Home / Linux / Two Linux bugs let remote attackers knock out network devices with low-traffic attacks – CSO

Two Linux bugs let remote attackers knock out network devices with low-traffic attacks – CSO

Linux distributions have flagged patches for two bugs in the Linux kernel that could allow remote attackers to trigger a denial of service (DoS) on machine. 

Ubuntu, RedHat and other maintainers of Linux operating systems are releasing patches for the the bugs. One is called “FragmentSmack” since the DoS can be triggered by the way the Linux kernel reassembles fragmented Internet Protocol version 4 (IPv4) and IPv6 packets.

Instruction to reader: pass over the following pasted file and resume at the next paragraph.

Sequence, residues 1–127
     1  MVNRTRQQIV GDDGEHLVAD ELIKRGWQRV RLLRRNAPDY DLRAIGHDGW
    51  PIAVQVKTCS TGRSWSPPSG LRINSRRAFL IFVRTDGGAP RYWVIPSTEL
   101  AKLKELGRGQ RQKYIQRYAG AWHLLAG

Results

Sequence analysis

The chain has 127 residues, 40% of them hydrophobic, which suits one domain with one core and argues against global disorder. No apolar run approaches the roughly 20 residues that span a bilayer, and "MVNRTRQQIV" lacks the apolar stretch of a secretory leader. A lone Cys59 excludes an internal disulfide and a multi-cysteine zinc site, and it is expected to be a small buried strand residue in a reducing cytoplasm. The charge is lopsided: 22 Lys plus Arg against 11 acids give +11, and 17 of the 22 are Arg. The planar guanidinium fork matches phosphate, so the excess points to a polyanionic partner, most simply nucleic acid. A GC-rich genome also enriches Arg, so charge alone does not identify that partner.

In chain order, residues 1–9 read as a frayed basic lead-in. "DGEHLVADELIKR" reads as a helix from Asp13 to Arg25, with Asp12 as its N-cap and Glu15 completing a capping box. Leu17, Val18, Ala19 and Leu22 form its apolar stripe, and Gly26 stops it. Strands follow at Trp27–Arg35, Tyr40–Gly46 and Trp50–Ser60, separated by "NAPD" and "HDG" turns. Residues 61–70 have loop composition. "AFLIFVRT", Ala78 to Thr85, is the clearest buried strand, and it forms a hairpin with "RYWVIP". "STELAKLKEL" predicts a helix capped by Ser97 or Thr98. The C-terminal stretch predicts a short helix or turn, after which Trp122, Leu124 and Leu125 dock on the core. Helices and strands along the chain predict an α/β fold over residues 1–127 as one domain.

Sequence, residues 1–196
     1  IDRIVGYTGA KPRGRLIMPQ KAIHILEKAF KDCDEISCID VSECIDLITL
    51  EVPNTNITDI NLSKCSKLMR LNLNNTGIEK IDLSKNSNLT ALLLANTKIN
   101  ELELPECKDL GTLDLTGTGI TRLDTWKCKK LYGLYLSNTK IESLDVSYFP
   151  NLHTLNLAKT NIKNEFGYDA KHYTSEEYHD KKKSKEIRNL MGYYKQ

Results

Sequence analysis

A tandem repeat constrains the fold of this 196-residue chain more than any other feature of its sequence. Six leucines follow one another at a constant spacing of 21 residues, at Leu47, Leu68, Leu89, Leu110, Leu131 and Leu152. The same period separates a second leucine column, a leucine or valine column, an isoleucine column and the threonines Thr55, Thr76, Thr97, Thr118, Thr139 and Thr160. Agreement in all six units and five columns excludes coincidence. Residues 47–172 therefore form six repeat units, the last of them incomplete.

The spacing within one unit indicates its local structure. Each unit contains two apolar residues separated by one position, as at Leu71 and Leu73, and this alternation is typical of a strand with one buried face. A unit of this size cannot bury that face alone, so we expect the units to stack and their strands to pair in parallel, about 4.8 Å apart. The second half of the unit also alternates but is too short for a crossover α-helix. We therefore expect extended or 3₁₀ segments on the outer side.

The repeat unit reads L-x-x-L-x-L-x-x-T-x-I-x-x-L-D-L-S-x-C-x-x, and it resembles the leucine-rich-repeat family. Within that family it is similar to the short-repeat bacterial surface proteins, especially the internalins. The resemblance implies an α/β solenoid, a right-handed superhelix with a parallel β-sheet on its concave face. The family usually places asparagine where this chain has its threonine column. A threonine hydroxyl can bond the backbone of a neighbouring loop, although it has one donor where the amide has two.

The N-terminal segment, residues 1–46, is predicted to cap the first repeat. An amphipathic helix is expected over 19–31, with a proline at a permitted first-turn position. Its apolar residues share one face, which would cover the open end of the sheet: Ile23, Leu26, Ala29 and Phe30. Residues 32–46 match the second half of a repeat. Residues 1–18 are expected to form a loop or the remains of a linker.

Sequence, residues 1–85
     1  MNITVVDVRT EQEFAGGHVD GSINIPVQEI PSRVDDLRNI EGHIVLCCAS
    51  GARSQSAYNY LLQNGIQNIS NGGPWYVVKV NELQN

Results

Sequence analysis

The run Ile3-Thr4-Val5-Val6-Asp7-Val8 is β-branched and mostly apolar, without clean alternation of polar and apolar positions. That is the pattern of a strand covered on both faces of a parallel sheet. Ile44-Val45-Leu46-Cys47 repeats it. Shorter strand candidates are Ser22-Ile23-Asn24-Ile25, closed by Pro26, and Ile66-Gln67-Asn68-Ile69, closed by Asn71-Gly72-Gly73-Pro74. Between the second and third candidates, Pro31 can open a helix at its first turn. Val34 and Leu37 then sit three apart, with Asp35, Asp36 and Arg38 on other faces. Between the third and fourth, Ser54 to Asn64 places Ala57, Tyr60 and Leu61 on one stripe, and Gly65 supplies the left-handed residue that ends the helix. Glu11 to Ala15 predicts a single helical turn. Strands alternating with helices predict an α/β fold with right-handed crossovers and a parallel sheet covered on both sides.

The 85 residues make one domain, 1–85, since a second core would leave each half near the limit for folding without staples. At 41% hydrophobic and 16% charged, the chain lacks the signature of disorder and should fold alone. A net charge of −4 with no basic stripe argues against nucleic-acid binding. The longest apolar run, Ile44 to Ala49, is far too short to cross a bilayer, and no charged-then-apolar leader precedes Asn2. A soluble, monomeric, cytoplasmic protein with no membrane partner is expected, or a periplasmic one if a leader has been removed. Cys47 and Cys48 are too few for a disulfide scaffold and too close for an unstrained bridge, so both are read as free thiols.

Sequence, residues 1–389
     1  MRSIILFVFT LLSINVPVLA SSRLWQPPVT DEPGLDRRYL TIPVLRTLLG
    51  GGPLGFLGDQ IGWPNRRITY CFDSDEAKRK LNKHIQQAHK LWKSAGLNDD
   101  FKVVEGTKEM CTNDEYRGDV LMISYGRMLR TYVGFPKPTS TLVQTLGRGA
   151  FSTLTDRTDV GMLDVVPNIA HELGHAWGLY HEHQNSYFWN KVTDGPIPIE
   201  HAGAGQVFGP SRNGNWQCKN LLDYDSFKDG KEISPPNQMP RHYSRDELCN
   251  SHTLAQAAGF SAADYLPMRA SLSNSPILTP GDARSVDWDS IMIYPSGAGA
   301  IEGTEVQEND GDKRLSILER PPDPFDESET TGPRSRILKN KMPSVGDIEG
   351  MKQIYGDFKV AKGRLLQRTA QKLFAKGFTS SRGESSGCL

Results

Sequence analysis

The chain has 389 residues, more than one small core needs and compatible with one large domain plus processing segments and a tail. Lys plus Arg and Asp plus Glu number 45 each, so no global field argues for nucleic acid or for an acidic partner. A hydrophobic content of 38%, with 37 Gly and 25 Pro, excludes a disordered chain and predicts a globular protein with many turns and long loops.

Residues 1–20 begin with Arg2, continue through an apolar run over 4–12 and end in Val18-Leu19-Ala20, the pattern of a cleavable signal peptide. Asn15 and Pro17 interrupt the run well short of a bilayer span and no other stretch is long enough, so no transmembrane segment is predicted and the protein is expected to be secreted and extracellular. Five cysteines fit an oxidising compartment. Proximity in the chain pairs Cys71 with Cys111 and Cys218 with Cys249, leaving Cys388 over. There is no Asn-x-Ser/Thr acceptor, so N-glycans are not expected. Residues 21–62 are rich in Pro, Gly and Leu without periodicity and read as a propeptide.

The US CERT Coordination Center posted an alert about the security issue, tagged with the ID CVE-2018-5391, and notes the issue affects versions 3.9 and above of the Linux kernel.   

The kernel bug allows an attacker to send a low rate of specially crafted IP packet fragments that can trigger excessive RAM consumption that ultimately saturates the CPU and knocks, making the system unavailable.    

It’s possible that many network, computer and mobile vendors are affected and follows the recent discovery of another related kernel bug that RedHat called SegmentSmack, which allowed an attacker to cause a DoS using a low rate of TCP packets.  

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